Oh, man, you guys — this show was a whim. I dug Trent Dabbs’ album Southerner, and when I read about his new project with Amy Stroup, described as “old-fashioned garage stomp”, I was sold without hearing a song. The lovely Monica at Think Press was nice enough to put me on the list for their show at the Cradle, opening for Marc Broussard, and I set off without having heard a single song.
I was sold as soon as Dabbs and the rest of the Hi-Lows set foot on the stage, vamping for the lovely Amy Sugar, and the entire rest of the set was completely convincing that what the Alabama Shakes were to 2011, Sugar & the Hi-Lows are going to be to 2012: a meteoric rise, thanks entirely to the fact that they make rump-shaking, soul-rattling music. It’s half doowop, part Nashville country-soul, part Black Keys blues stomp, part ’50s Buddy Holly pop and not just for Dabbs’ thick glasses. It’s incredibly catchy songwriting, it’s a high energy stage show and hilarious banter, and it’s four great musicians who can read each others’ minds.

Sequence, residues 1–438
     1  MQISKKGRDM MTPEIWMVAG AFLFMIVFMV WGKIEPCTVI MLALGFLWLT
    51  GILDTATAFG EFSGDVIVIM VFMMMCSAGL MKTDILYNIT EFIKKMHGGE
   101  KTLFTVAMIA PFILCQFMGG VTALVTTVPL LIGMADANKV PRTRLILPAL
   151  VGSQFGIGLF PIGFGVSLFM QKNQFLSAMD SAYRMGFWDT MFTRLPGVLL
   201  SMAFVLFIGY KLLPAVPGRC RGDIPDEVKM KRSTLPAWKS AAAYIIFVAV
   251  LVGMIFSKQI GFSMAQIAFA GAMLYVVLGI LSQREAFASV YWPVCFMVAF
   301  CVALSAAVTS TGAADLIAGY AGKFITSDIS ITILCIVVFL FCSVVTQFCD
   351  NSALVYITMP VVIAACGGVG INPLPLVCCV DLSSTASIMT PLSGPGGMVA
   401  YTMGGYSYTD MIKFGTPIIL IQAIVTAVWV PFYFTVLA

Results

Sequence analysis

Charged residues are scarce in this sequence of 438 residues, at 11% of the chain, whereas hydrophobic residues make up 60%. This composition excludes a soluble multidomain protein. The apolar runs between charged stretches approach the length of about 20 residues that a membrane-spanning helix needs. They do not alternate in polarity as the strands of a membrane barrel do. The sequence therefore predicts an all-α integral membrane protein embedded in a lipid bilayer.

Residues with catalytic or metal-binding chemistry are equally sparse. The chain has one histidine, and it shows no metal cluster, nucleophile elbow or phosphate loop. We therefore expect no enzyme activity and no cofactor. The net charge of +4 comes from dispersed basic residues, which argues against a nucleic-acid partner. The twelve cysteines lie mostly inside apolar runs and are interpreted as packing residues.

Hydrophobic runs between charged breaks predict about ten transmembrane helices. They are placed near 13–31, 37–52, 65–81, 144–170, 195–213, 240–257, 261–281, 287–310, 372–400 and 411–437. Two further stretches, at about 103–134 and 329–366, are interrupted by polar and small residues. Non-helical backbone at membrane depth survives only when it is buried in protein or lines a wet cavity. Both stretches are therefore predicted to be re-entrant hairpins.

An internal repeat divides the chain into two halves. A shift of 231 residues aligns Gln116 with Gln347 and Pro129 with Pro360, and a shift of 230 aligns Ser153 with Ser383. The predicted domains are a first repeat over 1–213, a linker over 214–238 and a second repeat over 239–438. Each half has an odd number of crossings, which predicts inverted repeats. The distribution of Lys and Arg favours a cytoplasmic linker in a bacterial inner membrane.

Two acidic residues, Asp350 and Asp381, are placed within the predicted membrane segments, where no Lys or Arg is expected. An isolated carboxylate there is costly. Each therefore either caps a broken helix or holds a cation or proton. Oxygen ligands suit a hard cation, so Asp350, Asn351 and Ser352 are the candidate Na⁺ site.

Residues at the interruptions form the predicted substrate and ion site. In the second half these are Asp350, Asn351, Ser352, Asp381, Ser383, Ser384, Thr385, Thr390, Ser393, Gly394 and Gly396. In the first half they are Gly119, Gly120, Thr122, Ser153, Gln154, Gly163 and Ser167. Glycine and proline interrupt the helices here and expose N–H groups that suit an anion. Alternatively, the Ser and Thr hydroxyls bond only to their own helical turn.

The Thrill didn’t dance to their set, but I did. I even put the camera down and shook it with abandon to a burnin’ cover of “Proud Mary” in the middle of the set. Worth it, worth it, worth.
Marc Broussard, obviously, was the headliner, and I really dug his set — he’s a songwriter in the style of Randy Newman, and I find his Louisiana accent superbly charming, and his band was also super fantastic, but I can’t front like I was there to see him. I was there to see Sugar & the Hi-Lows, and they made that decision over 150% worthwhile.
Full set is here. Their debut album drops 2/14, just in time for some broken hearted songs and some you can’t leave me and some fuck you love songs. Get it get it get it.